Edith best friend Nick (Nick Flanagan) is working on the second most popular Canadian television show Dog Husband that has just been picked up for another year. As they are in conversation Edith immediately begins to tear down the show talking about how dumb the title is starting the theme of undercutting that is prevalent throughout the film. Being a poor struggling actor means you need a roommate to share the bills. Edith's is Clare (Leah Wildman) a fellow actor who is running lines for a play that's about to open Happier for All of Us. Our protagonist is vocally supportive of her room mate but from her facial expressions its clear she is hoping that the play fails. The last main piece of Edith's world is her attempt to cope with the recent break up with her boyfriend of 2 years Ben played by the film's writer Adam Gurfinkel. Edith called off the relationship to focus on her career but she constantly talks about him, fellow actors she meets in her travels ask how he's doing putting his presence always near the top of mind.
Garfunkel crafts an offbeat script for this film. It is obvious that he is very familiar with this world all the way to the sleazy older Acting School teacher that is willing to waive the exorbitant fee for a
a cute actress that will pay him a little extra attention. The dialogue between the actors is very believable. The viewer would think that an actor would do whatever they could to promote themselves and sell their brand. While on the other hand outwardly wishing fellow colleagues the best but hoping that they do not succeed. However Edith takes the second part of this scenario to a special place. She gives colleagues projects 1 star on IMDB logging in nightly before she goes to bed. She tears down posters of her roommates play as she encounters them on utility poles around the city. She shows up at auditions as a not successful call back, hangs around the receptionist picks a name that was not crossed out and says that she is that person back for her second read. Making her clearly a candidate for the most unlikeable lead character of the year.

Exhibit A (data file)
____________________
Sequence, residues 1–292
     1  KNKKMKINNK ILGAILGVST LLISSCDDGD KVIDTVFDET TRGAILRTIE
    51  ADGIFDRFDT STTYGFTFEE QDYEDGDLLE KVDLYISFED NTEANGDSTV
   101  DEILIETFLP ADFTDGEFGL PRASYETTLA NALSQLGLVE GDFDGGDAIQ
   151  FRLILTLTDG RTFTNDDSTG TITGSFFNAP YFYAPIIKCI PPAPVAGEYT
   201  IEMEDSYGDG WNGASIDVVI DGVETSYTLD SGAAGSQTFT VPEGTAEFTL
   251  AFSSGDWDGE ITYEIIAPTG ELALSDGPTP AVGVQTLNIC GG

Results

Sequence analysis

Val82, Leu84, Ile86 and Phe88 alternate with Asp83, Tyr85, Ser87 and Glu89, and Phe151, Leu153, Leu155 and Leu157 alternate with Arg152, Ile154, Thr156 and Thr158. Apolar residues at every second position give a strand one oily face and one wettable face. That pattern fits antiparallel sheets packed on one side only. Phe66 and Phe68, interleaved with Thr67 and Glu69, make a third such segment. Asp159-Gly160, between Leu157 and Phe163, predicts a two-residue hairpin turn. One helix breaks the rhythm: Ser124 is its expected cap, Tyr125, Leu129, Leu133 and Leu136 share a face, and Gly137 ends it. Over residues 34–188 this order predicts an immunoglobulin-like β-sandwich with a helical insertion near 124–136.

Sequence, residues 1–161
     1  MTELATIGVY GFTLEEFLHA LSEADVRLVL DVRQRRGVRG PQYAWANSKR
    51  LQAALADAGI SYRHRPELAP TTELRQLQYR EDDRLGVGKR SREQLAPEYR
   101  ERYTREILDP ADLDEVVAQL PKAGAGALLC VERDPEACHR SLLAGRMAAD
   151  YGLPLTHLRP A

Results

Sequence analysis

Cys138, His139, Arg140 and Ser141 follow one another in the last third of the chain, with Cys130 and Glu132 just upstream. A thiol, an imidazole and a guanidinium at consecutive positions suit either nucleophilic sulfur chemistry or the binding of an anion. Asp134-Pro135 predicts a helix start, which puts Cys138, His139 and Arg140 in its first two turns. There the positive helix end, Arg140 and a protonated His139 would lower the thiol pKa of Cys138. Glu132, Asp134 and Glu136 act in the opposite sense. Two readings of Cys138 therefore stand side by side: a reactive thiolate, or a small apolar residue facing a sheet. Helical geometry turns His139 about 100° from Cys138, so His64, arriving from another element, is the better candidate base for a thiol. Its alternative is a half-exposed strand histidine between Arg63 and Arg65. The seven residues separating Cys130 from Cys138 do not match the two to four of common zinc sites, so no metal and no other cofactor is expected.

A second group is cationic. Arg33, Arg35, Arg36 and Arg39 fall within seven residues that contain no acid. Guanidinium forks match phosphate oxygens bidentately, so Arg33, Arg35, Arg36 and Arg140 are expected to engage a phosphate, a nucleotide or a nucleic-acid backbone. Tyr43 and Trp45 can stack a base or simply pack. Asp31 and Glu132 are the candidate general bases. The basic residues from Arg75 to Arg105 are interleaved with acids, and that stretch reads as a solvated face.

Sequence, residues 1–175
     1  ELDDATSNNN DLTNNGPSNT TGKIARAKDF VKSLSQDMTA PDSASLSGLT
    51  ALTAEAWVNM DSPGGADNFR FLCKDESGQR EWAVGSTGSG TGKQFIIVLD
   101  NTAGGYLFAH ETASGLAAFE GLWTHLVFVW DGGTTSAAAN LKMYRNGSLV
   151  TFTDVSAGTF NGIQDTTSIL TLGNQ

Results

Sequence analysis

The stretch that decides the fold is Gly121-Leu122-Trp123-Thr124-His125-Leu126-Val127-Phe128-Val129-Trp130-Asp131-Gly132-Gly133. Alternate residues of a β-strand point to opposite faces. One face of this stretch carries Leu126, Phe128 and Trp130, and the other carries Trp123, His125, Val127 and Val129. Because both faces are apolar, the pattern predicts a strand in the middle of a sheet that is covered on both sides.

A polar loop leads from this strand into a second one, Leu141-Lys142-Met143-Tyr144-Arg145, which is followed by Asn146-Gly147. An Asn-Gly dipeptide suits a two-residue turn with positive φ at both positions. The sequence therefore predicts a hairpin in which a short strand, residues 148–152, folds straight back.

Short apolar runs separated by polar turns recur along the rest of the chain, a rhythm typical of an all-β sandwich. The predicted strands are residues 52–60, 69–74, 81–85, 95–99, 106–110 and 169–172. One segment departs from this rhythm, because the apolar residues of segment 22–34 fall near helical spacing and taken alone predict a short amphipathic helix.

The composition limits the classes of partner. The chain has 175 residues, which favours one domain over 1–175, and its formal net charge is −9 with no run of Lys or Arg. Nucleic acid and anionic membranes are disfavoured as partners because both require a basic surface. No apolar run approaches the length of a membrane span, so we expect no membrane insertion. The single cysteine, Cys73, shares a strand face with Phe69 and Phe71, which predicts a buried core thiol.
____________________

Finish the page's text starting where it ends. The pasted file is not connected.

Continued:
Diamond Tongues is a unique take on a mundane, small, destined for failure community who in many instances have to take other jobs to keep their acting careers alive. The production shows this world at its raw cutthroat lowest with no expectation of a feel good redemption at the end of the journey. It is a film I can recommend
*** Out of 4
Diamond Tongues | Pavan Moondi / Brian Robertson | Canada | 2015 | 100 Minutes.
Tags: Auditions, Extra, Play, Roommate, Agent, Writer/Producer, Toronto, Public Transportation, Ex-Boyfriend.